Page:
Another sign of recovery: migrant workers back in fields

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Another sign of recovery: migrant workers back in fields

Two seasonal migrant workers from Uzbekistan harvest chili at a farm in Yanggu County, Gangwon on June 23. [PARK JIN-HO]

Two seasonal migrant workers from Uzbekistan harvest chili at a farm in Yanggu County, Gangwon on June 23. [PARK JIN-HO]

 
Counties in rural Korea are welcoming back migrant workers from abroad, who couldn't come to work during the year-long pandemic.
 
Chili and cucumber harvests are in full swing in Yanggu County, Gangwon, where a total of 193 foreign seasonal workers are working hard. They are the first foreign seasonal workers to enter Korea in two years.
 
"I haven't been able to work for a while because of the coronavirus, but I'm happy to come back and work in Korea after a long time,” Akrom, a 36-year-old migrant worker from Uzbekistan, said. "I have five family members living in my hometown, two sons, two daughters and my wife, and I'm glad to be able to send 1.3 million won [$1,149] a month."
 
Akrom used to buy used cars and home electronics from Korea and ship them to Uzbekistan. Then, the coronavirus came.
 
Choi Ki-hwan, 61 years old, the farmer employing Akrom, looked relaxed after finding the labor he needs.
 
"Until the beginning of this year, I had lots of worries because I didn’t have any helping hands, but I’m a bit relieved as migrant seasonal workers came in,” he said. “I won’t have to find workers at least until October.”
 
“We will help to provide workers quickly in towns and counties that are short-handed during the farming season,” Cho In-mook, governor of Yanggu County said.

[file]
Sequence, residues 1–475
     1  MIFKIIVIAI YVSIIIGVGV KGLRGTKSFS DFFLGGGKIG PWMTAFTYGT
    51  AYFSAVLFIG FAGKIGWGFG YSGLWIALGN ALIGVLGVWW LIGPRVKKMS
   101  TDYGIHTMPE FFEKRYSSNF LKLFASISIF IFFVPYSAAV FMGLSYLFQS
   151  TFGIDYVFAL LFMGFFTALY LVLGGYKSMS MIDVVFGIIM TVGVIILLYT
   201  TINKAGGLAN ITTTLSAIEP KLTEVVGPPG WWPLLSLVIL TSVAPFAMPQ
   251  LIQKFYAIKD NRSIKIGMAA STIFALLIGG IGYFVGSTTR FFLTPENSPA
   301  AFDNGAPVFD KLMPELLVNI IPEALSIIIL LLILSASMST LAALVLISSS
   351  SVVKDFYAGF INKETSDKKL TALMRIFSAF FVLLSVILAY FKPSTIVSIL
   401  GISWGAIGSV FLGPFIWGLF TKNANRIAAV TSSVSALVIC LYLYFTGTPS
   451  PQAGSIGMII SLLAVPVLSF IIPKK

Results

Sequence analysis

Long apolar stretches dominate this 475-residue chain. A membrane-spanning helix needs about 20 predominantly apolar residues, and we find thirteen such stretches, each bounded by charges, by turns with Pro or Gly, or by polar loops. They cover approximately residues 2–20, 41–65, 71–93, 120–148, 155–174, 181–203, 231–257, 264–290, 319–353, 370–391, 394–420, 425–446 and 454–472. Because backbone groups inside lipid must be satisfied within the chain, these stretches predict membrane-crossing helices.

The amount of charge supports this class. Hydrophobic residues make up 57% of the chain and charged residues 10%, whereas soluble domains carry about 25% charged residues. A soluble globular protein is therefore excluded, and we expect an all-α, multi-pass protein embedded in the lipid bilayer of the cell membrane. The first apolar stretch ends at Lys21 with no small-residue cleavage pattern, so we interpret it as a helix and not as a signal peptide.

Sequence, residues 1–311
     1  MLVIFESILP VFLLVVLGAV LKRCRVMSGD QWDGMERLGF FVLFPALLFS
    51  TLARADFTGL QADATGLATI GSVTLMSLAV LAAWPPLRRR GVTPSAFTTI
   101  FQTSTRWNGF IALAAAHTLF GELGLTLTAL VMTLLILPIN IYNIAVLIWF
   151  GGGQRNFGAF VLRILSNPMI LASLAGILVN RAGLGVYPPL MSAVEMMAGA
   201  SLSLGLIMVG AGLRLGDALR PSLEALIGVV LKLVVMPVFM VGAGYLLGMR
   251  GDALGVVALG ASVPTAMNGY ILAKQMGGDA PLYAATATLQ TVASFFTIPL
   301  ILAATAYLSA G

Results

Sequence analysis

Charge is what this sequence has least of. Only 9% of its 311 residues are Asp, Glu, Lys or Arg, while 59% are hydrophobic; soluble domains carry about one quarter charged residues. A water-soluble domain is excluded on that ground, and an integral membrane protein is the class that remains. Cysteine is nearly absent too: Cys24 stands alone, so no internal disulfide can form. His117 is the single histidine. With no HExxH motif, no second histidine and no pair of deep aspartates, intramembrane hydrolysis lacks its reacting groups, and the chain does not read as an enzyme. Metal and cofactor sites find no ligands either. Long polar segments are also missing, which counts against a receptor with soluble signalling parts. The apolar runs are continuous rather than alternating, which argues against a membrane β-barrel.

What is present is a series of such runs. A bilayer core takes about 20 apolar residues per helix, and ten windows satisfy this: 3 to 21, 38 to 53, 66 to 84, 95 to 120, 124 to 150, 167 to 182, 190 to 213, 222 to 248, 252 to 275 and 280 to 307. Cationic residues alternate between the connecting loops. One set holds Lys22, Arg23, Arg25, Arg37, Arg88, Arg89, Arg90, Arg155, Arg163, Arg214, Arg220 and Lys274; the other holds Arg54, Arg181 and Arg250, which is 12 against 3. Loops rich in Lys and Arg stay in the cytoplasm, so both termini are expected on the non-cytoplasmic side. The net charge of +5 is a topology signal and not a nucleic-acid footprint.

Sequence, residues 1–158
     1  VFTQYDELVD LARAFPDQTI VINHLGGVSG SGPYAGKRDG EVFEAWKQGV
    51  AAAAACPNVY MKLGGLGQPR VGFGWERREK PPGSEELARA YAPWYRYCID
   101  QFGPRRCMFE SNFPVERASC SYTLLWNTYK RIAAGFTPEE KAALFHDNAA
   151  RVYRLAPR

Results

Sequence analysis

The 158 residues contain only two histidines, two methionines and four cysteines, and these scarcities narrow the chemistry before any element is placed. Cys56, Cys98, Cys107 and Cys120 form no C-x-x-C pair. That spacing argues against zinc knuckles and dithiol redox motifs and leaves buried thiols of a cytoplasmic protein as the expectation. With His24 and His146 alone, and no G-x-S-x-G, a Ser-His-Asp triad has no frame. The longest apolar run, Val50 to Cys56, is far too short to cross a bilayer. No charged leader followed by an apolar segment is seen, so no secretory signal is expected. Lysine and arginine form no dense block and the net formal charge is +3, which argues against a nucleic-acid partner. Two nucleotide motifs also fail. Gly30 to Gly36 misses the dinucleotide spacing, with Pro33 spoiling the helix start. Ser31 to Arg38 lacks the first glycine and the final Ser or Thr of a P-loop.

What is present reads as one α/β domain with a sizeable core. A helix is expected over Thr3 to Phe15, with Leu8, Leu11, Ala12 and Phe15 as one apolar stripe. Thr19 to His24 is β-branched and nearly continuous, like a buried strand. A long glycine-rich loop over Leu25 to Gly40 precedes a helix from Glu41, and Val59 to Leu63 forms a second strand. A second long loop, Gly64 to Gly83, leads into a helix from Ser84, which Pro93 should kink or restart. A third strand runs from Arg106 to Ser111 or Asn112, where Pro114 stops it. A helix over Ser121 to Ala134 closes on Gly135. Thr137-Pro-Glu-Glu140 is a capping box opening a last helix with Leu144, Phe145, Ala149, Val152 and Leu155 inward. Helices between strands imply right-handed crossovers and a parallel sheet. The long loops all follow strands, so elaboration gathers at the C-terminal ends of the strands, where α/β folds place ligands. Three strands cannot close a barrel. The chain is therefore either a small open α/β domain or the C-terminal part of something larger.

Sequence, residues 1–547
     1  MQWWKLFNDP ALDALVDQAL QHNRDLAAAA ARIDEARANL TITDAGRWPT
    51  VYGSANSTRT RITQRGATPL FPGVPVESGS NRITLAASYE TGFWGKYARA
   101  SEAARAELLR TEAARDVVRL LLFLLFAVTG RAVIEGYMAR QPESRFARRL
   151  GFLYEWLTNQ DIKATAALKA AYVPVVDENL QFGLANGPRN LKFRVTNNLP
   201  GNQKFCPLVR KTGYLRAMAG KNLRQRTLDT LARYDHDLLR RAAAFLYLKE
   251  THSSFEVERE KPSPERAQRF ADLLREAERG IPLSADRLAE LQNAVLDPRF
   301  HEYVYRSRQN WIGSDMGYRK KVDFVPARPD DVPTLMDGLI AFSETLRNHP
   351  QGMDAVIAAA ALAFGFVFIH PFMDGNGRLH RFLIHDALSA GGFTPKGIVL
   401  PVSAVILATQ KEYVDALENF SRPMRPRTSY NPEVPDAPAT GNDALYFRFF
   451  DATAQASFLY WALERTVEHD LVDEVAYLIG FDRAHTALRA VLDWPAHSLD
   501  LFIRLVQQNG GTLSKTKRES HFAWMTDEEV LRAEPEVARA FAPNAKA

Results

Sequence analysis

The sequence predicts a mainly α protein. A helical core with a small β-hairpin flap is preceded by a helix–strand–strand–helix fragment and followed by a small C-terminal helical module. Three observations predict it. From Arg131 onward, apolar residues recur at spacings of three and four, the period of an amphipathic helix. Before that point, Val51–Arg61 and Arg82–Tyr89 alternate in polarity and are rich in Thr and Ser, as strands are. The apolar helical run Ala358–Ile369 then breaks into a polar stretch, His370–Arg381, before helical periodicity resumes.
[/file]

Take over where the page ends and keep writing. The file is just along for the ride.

Yeongyang County in North Gyeongsang, where seasonal workers from Uzbek were also deployed, are busy farming chili, cabbage and herbs.
 
After spending two weeks in quarantine, the seasonal workers arrived in Yeongyang County on June 24. A total of 112 people were placed on 42 farms.
 
“We will provide all support for seasonal workers from Uzbekistan to adapt in the region,” said Oh Do-chang, governor of Yeongyang County.
 
However, seasonal workers are just a dream for many other farm villages.
 
According to an “Assignment status of foreign seasonal workers in the first half of 2021” released by the Ministry of Justice, 5,342 foreign seasonal workers were allocated to each local government in total. However, only 422 people, or 7.8 percent of the total, have entered Korea so far this year.
 
Workers from Southeast Asian countries are being blocked due to the pandemic.
 
In 2019, a total of 3,497 foreign seasonal workers entered Korea. Some 1,535 people were from Vietnam, followed by 1,142 people from the Philippines and 11 from Uzbekistan.
 
This year, all 422 workers came from Uzbekistan.
 
The Uzbekistan government has worked hard to send manpower overseas this year, including to Korea.
 
Goesan County in North Chungcheong recently signed an agreement with the Uzbekistan Labor Ministry’s office in Korea and will welcome 75 seasonal workers this month.
 
They will be sent to villages in Goesan County for corn harvesting and pickled cabbage production for five months. An additional 114 people will be sent to work in Inje County, and 88 more in Hongcheon County.
 
Experts say the government should find ways to resolve the chronic labor shortage.
 
"Foreign seasonal workers can only work at farms under contract, but there are not many farms that have work every day," said Kim Jeong-Seop, a senior researcher at the Korea Rural Economic Institute. 
 
"The country will be able to use the workforce more efficiently [...] if the workers are contracted by corporations rather than individual farms."

BY PARK JIN-HO,CHOI JONG-KWON [seo.jieun1@joongang.co.kr]
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